labial alveolar dorsal labialized
voiceless plosive /p/ [pʰ] ‹p› /t/ [tʰ, tçi] ‹t, ti› /k/ [kʰ, tɕʰi~cçʰi] ‹k, kyi› /kʷ/ [kʷ, tɕᶣi] ‹kw, twi›
voiced plosive /b/ [b] ‹b› /d/ [d] ‹d› /ɡ/ [ɡ, dʒ, dʑi~ɟʝi] ‹g, dw, gyi› /ɡʷ/ [ɡʷ, dʑᶣi] ‹gw, dwi›
fricative /f/ [f] ‹f› /s/ [s] ‹s› /h/ [h, çi] ‹h, hyi› /hʷ/ [hʷ, çᶣi] ‹hw, hwi›
nasal stop /m/ [m] ‹m› /n/ [n, ŋ, ɲ, ɲĩ] ‹n, ngi› /nʷ/ [ŋŋʷ, ɲᶣĩ] ‹nw, nu›
geminate nasal /nn/ [ŋː, ɲːĩ] ‹ng, nyi, nnyi› /nnʷ/ [ɲɲᶣĩ] ‹nw›
other /r/ [ɾ, r, ɽ] ‹r› /w/ [w, ɥi] ‹w, wi›
The Akan dialects have fourteen to fifteen vowels: four to five "tense" vowels (Advanced tongue root, or +ATR), five "lax" vowels (Retracted tongue root, or −ATR), which are adequately but not completely represented by the seven-vowel orthography, and five nasal vowels, which are not represented at all. (All fourteen were distinguished in the Gold Coast script of the colonial era.) An ATR distinction in orthographic a is only found in some subdialects of Fante, though not in the literary form; in Asante and Akuapem there are harmonic allophones of /a/, but neither is ATR. The two vowels written e (/e̘/ and /i/) and o (/o̘/ and /u/) are often not distinguished in pronunciation.
Orthog. +ATR −ATR
i /i̘/ [i̘]
e /e̘/ [e̘] /i/ [ɪ~e]
ɛ /e/ [ɛ]
a [æ~ɐ] /a/ [a]
ɔ /o/ [ɔ]
o /o̘/ [o̘] /u/ [ʊ~o]
u /u̘/ [u̘]
 ATR harmony
Twi vowels engage in a form of vowel harmony with the root of the tongue.
−ATR vowels followed by the +ATR non-mid vowels /i̘ a̘ u̘/ become +ATR. This is generally reflected in the orthography: That is, orthographic e ɛ a ɔ o become i e a o u. However, it is no longer reflected in the case of subject and possessive pronouns, giving them a consistent spelling. This rule takes precedence over the next one.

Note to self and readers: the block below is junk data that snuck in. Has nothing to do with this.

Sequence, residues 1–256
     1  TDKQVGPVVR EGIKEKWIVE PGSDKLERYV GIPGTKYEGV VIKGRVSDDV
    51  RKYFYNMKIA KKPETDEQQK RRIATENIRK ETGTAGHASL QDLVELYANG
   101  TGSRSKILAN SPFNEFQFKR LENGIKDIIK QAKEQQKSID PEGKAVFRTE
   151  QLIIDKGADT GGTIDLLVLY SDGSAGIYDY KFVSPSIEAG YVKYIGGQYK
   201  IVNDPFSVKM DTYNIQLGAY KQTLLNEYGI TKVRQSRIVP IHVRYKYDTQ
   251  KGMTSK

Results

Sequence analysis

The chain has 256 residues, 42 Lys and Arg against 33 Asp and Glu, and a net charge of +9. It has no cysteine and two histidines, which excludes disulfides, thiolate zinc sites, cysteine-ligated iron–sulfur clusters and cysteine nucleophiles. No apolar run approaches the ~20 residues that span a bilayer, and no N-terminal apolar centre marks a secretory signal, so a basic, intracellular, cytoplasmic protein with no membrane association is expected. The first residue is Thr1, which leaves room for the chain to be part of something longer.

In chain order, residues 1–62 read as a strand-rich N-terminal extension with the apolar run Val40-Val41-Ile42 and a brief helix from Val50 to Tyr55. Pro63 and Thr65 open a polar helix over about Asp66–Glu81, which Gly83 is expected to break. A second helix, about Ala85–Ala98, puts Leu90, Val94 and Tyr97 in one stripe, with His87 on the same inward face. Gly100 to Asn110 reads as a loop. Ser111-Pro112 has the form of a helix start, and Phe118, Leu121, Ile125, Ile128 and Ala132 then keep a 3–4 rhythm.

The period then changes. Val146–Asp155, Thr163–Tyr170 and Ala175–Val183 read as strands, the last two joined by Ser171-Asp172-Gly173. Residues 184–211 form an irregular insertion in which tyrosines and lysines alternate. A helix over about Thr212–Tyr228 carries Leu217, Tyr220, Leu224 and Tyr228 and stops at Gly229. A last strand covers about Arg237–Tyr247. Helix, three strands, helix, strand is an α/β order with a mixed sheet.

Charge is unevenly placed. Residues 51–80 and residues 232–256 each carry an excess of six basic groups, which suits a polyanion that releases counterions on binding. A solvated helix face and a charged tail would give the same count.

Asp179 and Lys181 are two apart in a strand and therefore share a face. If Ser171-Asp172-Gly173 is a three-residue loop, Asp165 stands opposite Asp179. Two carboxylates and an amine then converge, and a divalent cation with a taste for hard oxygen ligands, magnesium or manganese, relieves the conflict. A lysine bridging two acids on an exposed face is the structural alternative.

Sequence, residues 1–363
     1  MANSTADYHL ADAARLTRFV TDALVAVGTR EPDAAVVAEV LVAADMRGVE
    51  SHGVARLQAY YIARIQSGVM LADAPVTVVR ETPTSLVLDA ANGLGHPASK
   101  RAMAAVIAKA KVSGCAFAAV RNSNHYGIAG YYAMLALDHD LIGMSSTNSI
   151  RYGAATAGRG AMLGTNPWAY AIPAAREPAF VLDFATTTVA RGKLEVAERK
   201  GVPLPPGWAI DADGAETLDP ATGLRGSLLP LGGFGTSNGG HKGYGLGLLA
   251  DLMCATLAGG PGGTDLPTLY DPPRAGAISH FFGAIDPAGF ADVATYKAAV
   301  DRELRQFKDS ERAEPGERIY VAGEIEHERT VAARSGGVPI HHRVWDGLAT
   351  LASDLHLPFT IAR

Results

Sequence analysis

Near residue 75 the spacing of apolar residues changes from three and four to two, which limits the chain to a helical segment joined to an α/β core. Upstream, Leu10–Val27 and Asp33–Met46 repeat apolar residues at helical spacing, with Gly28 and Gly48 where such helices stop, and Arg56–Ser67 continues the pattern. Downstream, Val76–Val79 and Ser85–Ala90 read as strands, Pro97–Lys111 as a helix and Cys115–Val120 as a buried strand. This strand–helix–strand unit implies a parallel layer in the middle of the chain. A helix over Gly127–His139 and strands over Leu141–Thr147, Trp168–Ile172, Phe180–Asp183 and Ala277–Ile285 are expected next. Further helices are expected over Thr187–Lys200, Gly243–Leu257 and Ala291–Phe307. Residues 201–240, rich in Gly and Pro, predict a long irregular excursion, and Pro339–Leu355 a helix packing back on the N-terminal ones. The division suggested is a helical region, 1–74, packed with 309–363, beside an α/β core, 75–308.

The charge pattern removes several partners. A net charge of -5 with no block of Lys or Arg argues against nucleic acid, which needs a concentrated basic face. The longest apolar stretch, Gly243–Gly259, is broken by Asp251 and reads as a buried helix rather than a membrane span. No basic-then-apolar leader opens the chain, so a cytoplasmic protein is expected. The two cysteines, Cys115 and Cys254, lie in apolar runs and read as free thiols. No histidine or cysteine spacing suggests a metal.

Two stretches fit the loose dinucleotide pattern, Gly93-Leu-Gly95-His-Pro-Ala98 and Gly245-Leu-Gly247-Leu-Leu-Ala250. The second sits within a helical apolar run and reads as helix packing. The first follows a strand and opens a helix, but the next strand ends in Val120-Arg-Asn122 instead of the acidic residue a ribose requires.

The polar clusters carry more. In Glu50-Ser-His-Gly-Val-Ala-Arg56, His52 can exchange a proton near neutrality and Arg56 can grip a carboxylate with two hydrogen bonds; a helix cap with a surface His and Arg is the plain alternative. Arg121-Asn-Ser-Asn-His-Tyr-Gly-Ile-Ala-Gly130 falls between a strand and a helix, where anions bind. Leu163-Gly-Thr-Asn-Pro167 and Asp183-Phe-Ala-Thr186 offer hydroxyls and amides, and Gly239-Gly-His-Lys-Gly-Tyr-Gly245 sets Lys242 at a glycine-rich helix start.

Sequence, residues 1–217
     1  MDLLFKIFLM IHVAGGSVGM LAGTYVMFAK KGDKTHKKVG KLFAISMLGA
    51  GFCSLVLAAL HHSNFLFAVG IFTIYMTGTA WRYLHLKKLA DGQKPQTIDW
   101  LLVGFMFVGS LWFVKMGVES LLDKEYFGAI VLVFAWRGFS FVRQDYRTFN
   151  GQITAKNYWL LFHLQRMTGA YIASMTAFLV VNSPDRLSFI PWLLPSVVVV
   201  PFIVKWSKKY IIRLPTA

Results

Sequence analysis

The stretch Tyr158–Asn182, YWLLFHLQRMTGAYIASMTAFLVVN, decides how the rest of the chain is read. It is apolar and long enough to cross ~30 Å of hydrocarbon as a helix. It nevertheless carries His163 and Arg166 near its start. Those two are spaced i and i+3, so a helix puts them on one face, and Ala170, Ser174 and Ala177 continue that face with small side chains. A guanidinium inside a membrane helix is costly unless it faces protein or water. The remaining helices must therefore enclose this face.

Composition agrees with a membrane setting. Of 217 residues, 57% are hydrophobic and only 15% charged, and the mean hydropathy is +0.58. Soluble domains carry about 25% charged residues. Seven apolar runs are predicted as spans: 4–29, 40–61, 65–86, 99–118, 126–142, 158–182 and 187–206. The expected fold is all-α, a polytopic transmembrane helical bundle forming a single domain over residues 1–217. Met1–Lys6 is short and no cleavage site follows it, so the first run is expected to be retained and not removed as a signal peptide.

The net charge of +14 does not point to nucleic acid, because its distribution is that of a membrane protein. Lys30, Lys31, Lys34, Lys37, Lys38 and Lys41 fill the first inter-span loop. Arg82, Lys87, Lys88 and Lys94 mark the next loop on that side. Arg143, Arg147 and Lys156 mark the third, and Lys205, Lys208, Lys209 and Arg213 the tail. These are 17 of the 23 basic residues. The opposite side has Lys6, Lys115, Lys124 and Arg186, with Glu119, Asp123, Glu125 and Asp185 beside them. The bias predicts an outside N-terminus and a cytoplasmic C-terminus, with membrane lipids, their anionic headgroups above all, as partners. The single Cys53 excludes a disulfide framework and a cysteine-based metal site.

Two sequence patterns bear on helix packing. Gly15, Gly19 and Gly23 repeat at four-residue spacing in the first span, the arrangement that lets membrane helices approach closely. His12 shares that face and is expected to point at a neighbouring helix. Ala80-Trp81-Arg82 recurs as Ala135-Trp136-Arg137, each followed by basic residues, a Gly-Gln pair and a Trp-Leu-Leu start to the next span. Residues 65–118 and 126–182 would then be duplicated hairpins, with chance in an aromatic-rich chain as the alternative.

After the −ATR non-high vowels /e a o/, +ATR mid vowels /e̘ o̘/ become −ATR high vowels /i u/. This is not reflected in the orthography, for both sets of vowels are spelled <e o>, and in many dialects this rule does not apply, for these vowels have merged.
Twi has three phonemic tones, high (/H/), mid (/M/), and low (/L/). Initial syllable may only be high or low.
The phonetic pitch of the three tones depends on their environment, often being lowered after other tones, producing a steady decline known as tone terracing.
/H/ tones have the same pitch as a preceding /H/ or /M/ tone within the same tonic phrase, whereas /M/ tones have a lower pitch. That is, the sequences /HH/ and /MH/ have a level pitch, whereas the sequences /HM/ and /MM/ have a falling pitch. /H/ is lowered (downstepped) after a /L/.
/L/ is the default tone, which emerges in situations such as reduplicated prefixes. It is always at bottom of the speaker's pitch range, except in the sequence /HLH/, in which case it is raised in pitch but the final /H/ is still lowered. Thus /HMH/ and /HLH/ are pronounced with distinct but very similar pitches.
After the first "prominent" syllable of a clause, usually the first high tone, there is a downstep. This syllable is usually stressed.
Important Words and Phrases
akwaaba – welcome
aane – yes
daabi – no
da yie – good night (lit. sleep well)
Ete sen? – How are you?
me da se – thank you
me pa wo kyew – please/excuse me